Back in the 1970s and 80s, Tunisian movie theaters were packed with cinéphiles and weekends were reserved, in an almost ritualistic manner, for outings at the cinema.
Although the history of cinema in Tunisia dates back to 1897 – when film pioneer Albert Samama organized screenings of the Lumière brothers pictures in a small shop in Tunis – movie theaters have met with hard economic times in recent years, and many have closed as a result.
Yet the Cinema Club of Tunis has helped fill the void left by closing theaters with its screenings of critically acclaimed movies followed by debates. Recent screenings have included works by Russian filmmaker Andrei Tarkovsky and Egyptian director Youssef Chahine.
The Cinema Club of Tunis dates back to the early years of independence; it emerged from the Tunisian Federation of Film Clubs founded in 1954 by Tahar Chriaa. It was conceived of as a reaction to the artistic void caused by French colonization.
The club “was conceived of as a way to promote cinematographic culture as well as tools of criticism and to establish an active public,” explained Fatma Bchini, president of the club. “There are around 35 cinema clubs in Tunisia today.”
According to Bchini, cinema clubs not only promote cinema, but also serve as a meeting place for adults, children, and people from different backgrounds.
Khawla Ayari, a member of the Cinema Club of Tunis, explained, “perhaps the most noble role of the cinema club lies in how cinema and debates following the screenings help the audience to open up to the rest of the world, understand other cultures, and adapt to the diversity and complexity of the human spirit.”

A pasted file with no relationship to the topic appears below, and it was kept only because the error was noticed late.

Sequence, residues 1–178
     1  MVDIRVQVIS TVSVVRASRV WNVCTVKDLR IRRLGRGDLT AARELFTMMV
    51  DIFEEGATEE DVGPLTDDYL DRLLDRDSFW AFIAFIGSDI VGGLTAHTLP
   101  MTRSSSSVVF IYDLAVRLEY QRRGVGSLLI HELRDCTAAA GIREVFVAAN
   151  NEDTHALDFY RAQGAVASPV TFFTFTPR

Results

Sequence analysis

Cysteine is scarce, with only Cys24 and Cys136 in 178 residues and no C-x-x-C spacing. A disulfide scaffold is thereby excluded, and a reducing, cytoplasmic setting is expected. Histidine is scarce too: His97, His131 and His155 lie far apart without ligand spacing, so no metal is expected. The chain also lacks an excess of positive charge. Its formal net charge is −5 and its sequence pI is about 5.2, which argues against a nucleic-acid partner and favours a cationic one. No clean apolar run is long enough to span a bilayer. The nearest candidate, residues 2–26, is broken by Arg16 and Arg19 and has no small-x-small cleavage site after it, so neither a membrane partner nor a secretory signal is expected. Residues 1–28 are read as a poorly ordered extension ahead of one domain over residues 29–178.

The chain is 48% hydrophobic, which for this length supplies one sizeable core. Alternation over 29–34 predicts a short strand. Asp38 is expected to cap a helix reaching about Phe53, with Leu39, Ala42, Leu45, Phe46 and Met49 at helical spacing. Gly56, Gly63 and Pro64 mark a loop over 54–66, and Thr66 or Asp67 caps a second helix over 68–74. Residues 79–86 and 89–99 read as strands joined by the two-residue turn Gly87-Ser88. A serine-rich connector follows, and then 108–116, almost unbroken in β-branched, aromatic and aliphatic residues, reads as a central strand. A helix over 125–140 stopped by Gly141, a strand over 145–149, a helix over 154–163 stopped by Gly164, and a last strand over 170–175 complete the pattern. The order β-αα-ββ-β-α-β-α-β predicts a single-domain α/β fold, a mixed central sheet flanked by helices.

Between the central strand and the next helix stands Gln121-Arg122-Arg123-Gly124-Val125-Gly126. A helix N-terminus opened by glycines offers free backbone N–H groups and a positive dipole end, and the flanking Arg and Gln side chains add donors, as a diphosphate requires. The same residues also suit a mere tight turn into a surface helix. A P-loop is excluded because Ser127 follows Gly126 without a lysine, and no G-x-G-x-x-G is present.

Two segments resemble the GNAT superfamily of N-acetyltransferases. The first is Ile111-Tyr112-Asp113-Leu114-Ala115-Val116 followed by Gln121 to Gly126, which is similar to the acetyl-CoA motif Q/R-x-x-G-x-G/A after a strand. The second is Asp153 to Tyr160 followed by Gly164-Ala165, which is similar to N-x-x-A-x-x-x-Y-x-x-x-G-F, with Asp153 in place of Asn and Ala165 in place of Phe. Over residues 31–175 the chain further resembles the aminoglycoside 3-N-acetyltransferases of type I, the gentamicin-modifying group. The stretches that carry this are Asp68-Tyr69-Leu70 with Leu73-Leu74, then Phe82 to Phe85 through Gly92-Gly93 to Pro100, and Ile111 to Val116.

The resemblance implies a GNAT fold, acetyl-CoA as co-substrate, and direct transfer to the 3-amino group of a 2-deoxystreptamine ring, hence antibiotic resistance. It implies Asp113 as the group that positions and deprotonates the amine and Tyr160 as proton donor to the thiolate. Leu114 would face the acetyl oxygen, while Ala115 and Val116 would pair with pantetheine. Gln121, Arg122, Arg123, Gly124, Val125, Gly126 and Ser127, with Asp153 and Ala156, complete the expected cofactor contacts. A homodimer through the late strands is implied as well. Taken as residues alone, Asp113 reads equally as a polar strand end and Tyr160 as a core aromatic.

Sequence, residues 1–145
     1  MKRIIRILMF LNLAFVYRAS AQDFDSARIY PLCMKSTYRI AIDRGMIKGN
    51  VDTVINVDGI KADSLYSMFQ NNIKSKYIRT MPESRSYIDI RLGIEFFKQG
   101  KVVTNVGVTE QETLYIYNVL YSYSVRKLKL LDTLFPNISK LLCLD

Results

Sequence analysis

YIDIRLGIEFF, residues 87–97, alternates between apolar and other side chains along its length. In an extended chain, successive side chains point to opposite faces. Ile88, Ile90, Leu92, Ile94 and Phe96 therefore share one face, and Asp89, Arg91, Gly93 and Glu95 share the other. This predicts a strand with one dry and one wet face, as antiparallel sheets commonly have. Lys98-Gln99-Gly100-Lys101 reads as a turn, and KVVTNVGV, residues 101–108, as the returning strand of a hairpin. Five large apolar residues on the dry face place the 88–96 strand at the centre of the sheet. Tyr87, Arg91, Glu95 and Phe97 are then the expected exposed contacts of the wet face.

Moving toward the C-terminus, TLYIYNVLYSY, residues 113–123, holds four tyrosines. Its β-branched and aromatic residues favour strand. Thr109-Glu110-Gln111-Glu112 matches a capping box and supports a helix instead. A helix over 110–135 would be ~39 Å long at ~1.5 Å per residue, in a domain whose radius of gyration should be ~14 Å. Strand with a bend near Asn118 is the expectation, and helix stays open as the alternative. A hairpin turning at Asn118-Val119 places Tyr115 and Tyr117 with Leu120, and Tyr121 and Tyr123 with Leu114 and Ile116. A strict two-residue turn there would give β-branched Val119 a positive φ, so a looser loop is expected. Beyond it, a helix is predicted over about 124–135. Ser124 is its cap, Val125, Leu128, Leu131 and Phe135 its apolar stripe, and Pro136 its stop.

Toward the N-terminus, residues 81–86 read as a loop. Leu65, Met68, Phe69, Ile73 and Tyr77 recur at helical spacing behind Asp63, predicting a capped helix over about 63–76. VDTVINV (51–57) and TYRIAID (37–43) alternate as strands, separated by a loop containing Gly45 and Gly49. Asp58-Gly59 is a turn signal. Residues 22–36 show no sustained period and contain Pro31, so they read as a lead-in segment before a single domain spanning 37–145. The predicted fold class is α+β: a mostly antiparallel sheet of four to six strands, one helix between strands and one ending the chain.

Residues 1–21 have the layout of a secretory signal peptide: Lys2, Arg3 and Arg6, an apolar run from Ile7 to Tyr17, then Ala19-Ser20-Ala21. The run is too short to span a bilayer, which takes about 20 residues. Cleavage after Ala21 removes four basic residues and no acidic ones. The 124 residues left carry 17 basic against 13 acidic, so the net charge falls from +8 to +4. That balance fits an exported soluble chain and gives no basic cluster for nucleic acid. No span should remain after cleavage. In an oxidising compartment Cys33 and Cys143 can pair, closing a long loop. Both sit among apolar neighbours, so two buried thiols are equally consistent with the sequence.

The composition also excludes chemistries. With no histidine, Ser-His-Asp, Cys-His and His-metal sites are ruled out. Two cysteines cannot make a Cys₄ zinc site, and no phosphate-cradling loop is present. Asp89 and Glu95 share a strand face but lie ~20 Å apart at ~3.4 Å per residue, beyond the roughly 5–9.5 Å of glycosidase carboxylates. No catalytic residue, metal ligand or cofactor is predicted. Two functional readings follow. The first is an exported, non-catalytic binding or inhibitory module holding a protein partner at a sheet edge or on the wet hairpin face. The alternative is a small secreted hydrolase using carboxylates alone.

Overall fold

Over the years, the Cinema Club of Tunis has managed to build a base of film enthusiasts. Held in the cultural center of Ibn Khaldoun, the club welcomes each Saturday hundreds of cinéphiles, who share a passion for cinema and belief in freedom of expression.
“The role of the federation under which the cinema club functions is to promote cinema and offer an alternative, especially now that cinema theaters are decreasing,” Bchini said. “Our aim is to establish cinema clubs in places where there are no movie theaters. If now in Tunis we still have some cinema theaters, there are regions where their only cinema theater was closed.”
‘’Unlike other cultural institutions, cinema clubs exist in all regions of Tunisia, not just in the capital,” Ayari commented. “This shows to what degree this institution is anchored in the local cultural scene.”
She added that until 2011, “when people gained a margin of freedom, it was a total desert. Today, we experience the consequences of policies devised since the eighties to break cinema in Tunisia. The proof is the closing of movie theaters or, what is worse, is to use the few still open to show movies of bad and ridiculous quality.”
Meanwhile, films produced in Tunisia are often only screened in the capital and gain more recognition in foreign festivals than among Tunisian audiences, Ayari said.
“This is where cinema clubs intervene as a fresh breeze for the ailing Tunisian audience as well as for Tunisian artists,” she added.
The Cinema Club of Tunis will hold its thirteenth annual “Cinema of Peace” film festival March 13 to 17, focusing on the theme “cinema, vehicle of memory.”